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Developmental mechanisms of human structural birth defects.

The purpose of this PA is to support new, innovative, multidisciplinary, interactive, and synergistic program projects that integrate basic, translational, and clinical approaches to understanding the developmental biology and genetic basis of congenital human malformations. Each program must consist of at least three component projects. At least one project must be clinical or translational in nature. The component projects must share a common central theme, focus, or objective on a specific developmental defect or malformation that is genotypically, mechanistically, biologically, or phenotypically analogous or homologous in both animal models and humans. Any non-mammalian or mammalian animal model may be used, as long as it contributes to the common overall theme or objective of the program project. If the component projects do not share a common developmental gene, process, mechanism, pathway, or phenotype, the application will be considered nonresponsive to this.

Annually, about four percent of all live births in the United States involve babies with significant structural birth defects (more than 150,000 babies). Next to accidents, birth defects are the leading cause of death in children; they account for half of all pediatric hospitalizations. In terms of the economic costs, billions of dollars are spent over the lifetimes of children born with any of 17 major, severe, nonfatal birth defects. In sum, structural birth defects have a great impact on public health, socioeconomics, and family life. A high priority goal of NICHD's strategic plan is to address the problem of human structural birth defects. The clinical and epidemiological aspects of human malformations were addressed at a workshop in 1997. As a result of that workshop, the National Institute of Child Health and Development (NICHD), the National Institute of Environmenal Health Sciences (NIEHS), the National Institute of Dental and Craniofacial Research (NIDCR), and the U.S. Environmental Protection Agency (U.S. EPA) issued RFA HD-99-002, "Genetic Susceptibility and Variability of Human Malformations." That initiative funded several R01s and established a basis for a network of investigators focused on the use of molecular genetic approaches to the study of genetic susceptibility and epidemiology of human malformations.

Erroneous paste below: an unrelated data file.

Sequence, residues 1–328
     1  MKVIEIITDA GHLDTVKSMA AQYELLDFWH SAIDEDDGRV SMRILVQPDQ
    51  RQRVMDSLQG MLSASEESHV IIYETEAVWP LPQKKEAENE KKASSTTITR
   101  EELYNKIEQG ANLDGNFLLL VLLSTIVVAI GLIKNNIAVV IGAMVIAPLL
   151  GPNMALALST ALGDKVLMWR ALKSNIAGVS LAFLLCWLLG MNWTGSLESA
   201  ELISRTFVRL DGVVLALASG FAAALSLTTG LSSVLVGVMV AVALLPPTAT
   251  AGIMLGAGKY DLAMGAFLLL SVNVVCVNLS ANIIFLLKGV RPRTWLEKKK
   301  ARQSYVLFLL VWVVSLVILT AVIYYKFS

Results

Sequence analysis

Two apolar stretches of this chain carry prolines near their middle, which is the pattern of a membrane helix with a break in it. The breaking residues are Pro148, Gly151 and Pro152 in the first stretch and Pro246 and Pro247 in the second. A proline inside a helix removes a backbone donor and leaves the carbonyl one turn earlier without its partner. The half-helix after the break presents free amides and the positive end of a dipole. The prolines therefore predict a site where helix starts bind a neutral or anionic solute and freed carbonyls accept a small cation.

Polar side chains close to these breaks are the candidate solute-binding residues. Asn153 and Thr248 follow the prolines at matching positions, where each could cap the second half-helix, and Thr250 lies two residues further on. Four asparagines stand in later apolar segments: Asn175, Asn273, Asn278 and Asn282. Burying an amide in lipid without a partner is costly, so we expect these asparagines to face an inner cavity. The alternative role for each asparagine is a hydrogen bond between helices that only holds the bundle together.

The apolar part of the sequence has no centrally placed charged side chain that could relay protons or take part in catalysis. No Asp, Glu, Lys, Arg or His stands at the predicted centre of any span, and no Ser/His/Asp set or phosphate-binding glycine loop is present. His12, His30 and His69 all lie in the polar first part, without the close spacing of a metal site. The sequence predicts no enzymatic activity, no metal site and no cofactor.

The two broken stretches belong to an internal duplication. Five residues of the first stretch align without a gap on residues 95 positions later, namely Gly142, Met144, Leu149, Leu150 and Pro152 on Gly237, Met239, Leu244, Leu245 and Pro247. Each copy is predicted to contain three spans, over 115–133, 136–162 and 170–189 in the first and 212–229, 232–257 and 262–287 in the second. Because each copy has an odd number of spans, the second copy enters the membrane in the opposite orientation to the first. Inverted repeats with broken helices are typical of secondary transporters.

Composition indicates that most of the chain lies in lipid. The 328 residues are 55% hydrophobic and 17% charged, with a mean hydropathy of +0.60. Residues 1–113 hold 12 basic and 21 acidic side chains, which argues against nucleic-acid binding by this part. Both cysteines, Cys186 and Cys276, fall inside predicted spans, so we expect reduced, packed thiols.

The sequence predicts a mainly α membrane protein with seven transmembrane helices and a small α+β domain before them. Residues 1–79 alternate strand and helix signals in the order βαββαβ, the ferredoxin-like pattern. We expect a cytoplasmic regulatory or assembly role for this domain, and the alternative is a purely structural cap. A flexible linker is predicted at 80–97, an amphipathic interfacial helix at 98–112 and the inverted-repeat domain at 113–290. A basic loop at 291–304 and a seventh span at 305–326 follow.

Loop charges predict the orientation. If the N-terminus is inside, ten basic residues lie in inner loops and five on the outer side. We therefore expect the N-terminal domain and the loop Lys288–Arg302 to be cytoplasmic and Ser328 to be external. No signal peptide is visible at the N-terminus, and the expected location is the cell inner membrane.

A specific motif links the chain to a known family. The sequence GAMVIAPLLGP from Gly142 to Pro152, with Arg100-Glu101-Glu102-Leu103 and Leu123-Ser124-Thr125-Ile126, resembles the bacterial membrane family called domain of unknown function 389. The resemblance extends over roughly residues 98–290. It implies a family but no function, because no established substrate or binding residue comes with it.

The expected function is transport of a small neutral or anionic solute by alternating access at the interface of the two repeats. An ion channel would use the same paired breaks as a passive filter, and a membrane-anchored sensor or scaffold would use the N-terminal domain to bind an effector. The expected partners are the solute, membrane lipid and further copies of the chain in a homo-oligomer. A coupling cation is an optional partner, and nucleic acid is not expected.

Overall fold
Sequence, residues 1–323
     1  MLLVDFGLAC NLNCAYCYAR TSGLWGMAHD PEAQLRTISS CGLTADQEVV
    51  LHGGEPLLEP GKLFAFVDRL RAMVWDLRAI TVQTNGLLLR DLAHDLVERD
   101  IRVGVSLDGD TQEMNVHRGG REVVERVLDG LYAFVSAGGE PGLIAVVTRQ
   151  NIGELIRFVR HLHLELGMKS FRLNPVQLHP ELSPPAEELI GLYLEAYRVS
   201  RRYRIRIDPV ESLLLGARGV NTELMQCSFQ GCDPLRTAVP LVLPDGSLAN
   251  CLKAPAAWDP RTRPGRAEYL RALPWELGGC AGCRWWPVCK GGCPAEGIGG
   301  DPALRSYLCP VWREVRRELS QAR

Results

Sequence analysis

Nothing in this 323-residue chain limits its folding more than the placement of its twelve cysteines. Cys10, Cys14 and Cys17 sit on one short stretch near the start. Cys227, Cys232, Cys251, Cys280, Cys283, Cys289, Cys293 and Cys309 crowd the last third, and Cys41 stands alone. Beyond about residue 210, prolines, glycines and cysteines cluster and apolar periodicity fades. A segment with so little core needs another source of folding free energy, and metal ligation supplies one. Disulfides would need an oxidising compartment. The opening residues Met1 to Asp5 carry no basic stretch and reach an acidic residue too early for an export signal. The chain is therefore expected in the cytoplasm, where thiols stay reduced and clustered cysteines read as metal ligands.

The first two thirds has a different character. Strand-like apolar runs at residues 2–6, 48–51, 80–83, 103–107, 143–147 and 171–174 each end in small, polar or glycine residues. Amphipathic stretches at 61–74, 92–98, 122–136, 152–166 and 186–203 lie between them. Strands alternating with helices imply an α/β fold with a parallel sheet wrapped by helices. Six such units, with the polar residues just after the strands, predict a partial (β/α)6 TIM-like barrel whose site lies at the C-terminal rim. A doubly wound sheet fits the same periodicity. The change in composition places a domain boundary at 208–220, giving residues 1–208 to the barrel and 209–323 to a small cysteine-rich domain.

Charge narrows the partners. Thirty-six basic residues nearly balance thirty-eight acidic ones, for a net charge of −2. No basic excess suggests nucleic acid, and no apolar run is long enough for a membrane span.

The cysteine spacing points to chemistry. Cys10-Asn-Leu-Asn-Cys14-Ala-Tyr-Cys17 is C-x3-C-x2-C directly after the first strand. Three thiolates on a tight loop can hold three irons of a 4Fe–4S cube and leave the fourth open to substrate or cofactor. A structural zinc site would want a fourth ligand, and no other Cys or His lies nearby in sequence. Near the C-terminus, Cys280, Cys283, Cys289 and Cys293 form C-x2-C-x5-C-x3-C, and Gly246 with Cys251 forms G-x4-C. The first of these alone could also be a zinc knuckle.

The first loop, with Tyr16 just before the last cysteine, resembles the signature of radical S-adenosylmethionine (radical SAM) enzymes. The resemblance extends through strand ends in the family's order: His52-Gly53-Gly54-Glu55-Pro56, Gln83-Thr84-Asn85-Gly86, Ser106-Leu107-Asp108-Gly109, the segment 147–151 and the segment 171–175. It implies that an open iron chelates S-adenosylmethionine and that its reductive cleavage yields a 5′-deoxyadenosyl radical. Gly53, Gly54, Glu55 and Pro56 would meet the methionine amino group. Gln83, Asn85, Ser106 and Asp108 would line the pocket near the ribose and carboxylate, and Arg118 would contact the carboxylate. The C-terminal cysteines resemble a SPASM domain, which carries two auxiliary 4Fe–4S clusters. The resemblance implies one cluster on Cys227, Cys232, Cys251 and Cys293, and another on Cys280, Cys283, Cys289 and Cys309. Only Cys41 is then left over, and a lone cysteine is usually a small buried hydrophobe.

A second workshop was held in 1998 and its recommendations served as the basis for RFA HD-99-008, "Developmental Mechanisms of Human Malformations", from which NICHD and NIEHS funded several P01s. An important feature of those P01s was the emphasis on integrating basic, translational, and clinical research. Combined with the R01s funded under the first initiative, these projects expanded the network of researchers focused on the study of structural birth defects.

By issuing this PA, "Developmental Mechanisms of Human Structural Birth Defects," the NICHD plans to increase the number of basic scientists and clinicians involved in this network. Now that the sequencing of the human genome is complete, it is time to capitalize on the rapid advances being made in functional genomics and proteomics. Broadening the base of PIs involved in this research effort will promote the translation of these advances from the bench to the bedside.

The purpose of this PA is to support new, innovative, multidisciplinary, interactive and synergistic program projects that integrate basic, translational, and clinical approaches to understand the developmental biology and genetic basis congenital human malformations. Of particular interest to the NICHD are applications proposing to study embryonic developmental defects of generalized body patterning and localized anomalies of the skeletal, nervous, and visceral systems that lead to clinically significant congenital structural malformations. While applications focusing on developmental disorders that result in mental retardation and related neurobehavioral disabilities are of interest to the NICHD, they are outside the scope of this PA. The basic science component projects may include studies to: 1) identify and characterize the genes, gene products, mutations, polymorphisms, multigene and gene/environment interactions that play a role in normal and abnormal embryonic patterning and organogenesis; 2) elucidate the developmental biological processes and pathways, the biochemical, cellular, molecular, genetic mechanisms, and spatial and temporal gene expression patterns which are involved in dysmorphogenesis; and 3) examine how teratogens and nutritional deficiencies disrupt or modify gene expression and basic developmental processes.